Sorry, Valenciano is not a dialect of Spanish. The main language is Catalonian and in Valencia we call it "Valenciano". There is always controversy about what is what.

author
ThomasK19 (author)2016-01-27

No wonder you won't have that. "Leer" is German and means "empty" xD

author
danieljs24 (author)ThomasK192016-02-02

in Spanish, it means "Read"

author
ThomasK19 (author)danieljs242016-02-02

Wow! A recursive logo xD Now I'm starting to ask myself whether that dealer has his roots in Germany, Spain or the Netherlands. Or maybe he came from Britain and the name is mutated from Lear.

author
ThomasK19 (author)ThomasK192016-02-02

Obviously the latter: "When creating a name for his new company, Collins was inspired by both Shakespeare's King Lear and Learjet aircraft."

author
J to the T (author)ThomasK192016-01-27

Cool, I did not know that!

author
ThomasK19 (author)J to the T2016-01-27

Most companies put a lot of effort into finding the meaning of their brand names in other languages. Sometimes it fails though. E.g. Mitsubishi is favorite in failing. The first strange name was Pajero for a Jeep-like car. Sound cool in German, but google what that means in Spanish. Recently they introduced an electric car they called Mief - which literally means "Stinks" ROFL

author
tinaciousz (author)ThomasK192016-01-27

Chevy is notorious for this, too! They made a car called the Nova that completely failed in South America. In Spanich no va means "won't go" :P

author
rafununu (author)tinaciousz2016-01-28

In two words yes, but in one it means new.

author
Eoghancb (author)rafununu2016-01-28

Not in Spanish, it doesn't. In Spanish, new is nuevo, and in Portuguese it is novo.

author
ThomasK19 (author)Eoghancb2016-01-28

So many people think their own language is the only one in the world. That's what made him think "nova" means "new" everywhere. Actually a Nova is also a star that explodes.

To take this even more off topic: people use "quantum leap" as some extraordinary step (at least here in Germany). But basically in physics (where it comes from) it is the tiniest step possible.

Language is real fun - a good reason to get rid of words where they don't belong.

author
BryceM41 (author)ThomasK192016-02-02

It is a TV show on PBS ;-)

author
ThomasK19 (author)rafununu2016-01-28

But that's what people catch. Actually I was wrong with the Mief since it's spelt MiEV (Mitsubishi innovative Electric Vehicle) but what people hear is "Mief" which is pronounced the same - and as said means "bad smell". Double joke points for an electric car. Also for not No Go xD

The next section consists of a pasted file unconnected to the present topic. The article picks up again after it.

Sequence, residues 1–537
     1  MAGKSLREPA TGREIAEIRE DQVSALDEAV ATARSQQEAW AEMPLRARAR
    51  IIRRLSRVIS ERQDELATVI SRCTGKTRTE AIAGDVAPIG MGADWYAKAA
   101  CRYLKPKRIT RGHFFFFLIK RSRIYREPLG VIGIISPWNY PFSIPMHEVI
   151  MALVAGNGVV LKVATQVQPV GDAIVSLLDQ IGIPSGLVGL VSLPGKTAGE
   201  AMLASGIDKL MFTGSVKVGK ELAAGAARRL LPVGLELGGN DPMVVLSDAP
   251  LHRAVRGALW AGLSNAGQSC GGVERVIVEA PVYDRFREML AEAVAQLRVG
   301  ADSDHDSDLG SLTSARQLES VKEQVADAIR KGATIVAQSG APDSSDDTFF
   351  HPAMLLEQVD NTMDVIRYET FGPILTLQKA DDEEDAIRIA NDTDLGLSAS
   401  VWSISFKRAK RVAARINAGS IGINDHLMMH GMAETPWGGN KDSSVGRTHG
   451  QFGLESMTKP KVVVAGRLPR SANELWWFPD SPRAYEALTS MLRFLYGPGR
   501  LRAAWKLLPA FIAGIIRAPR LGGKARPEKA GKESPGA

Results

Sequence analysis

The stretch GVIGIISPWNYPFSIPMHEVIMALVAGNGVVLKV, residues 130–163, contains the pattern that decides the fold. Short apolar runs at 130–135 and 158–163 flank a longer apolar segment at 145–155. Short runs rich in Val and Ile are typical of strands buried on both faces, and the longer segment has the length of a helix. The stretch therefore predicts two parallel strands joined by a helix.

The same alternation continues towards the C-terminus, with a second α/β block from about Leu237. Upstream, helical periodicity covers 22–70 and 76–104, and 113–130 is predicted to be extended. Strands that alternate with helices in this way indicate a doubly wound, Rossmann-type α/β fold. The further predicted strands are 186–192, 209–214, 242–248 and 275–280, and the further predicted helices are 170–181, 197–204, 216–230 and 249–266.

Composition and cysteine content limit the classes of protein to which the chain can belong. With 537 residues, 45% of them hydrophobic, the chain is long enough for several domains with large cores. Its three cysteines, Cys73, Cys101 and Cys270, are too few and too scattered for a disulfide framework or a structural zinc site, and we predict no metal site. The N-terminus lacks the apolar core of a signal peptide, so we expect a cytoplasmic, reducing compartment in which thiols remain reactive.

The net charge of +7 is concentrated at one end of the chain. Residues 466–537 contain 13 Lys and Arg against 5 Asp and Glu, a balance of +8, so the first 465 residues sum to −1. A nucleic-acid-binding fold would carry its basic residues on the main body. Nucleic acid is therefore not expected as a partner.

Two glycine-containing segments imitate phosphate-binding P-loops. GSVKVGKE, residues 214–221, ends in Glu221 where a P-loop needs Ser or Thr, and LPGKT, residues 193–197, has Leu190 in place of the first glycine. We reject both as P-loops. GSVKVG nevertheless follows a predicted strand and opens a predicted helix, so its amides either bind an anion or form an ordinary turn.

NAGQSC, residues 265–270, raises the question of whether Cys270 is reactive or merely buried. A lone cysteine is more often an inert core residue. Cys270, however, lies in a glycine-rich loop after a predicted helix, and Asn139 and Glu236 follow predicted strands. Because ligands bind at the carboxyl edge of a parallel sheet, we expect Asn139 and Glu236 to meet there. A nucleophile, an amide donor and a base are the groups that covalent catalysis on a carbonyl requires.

author
joshiii92 (author)ThomasK192016-01-28

I heard the same thing about an old 4WD we have here called a "Jackaroo" meaning something like w*nker in Japanese, but I've never checked if its true - does that make me a Jackaroo? :D

author
Mark 42 (author)tinaciousz2016-01-28

The Nova myth is just an urban legend (check snopes)

author

Ah no. Dissection jokes only works out to get yourself angry. That is when you're out the door and know what you should have replied. I like the No Va meme, no matter whether it's true or false. It's simply funny. And the MiEV doesn't sell because it's bad or stinks (of course it doesn't) but because regulations still make it unaffordable compared to (stinking) VWs (yeah, we Germans are now also world champions in cheating!).

author
bill_brown (author)tinaciousz2016-01-28

Nova, for Chevy in North America was a very successful model for Chevy from 1966 to 1974. I even had a 1972 model and it was my first car. It was a dream car to drive.

author
gurugabe (author)tinaciousz2016-01-28

Yes, you have to realize the difference when looking at it, No Va as apposed to Nova. They were really crappy cars which is what made them nickname the car no va.

author
wisconsinjimmy (author)gurugabe2016-01-28

yes real cheap but stuff a 396 in it and SHAZAM!!!

author
lapenta (author)tinaciousz2016-01-28

there was a car called Ford Pinto. Pinto is the exact word for D*ck in Brazil.

author
DEEJAY642 (author)tinaciousz2016-01-28

hahaha that is the funny side of the story that everyone needs to hear about!!!!

author
fattG (author)ThomasK192016-01-29

How about the 'Nova'.

Spanish slang for "won't go".

author
RobertP78 (author)ThomasK192016-01-28

Toyota is famous in my book for their marketing section. I have seen numerous COROLLA CE's on the streets, and why any manufacturer would name their full size truck Tundra (frozen mud)

author
antioch (author)RobertP782016-01-29

The term is most widely known as a geographical term describing very cold (climate) regions where the soil has high moisture content.

Noone uses it to talk about frozen mud.

author
namora (author)ThomasK192016-01-28

Who could forget the No Go Nova?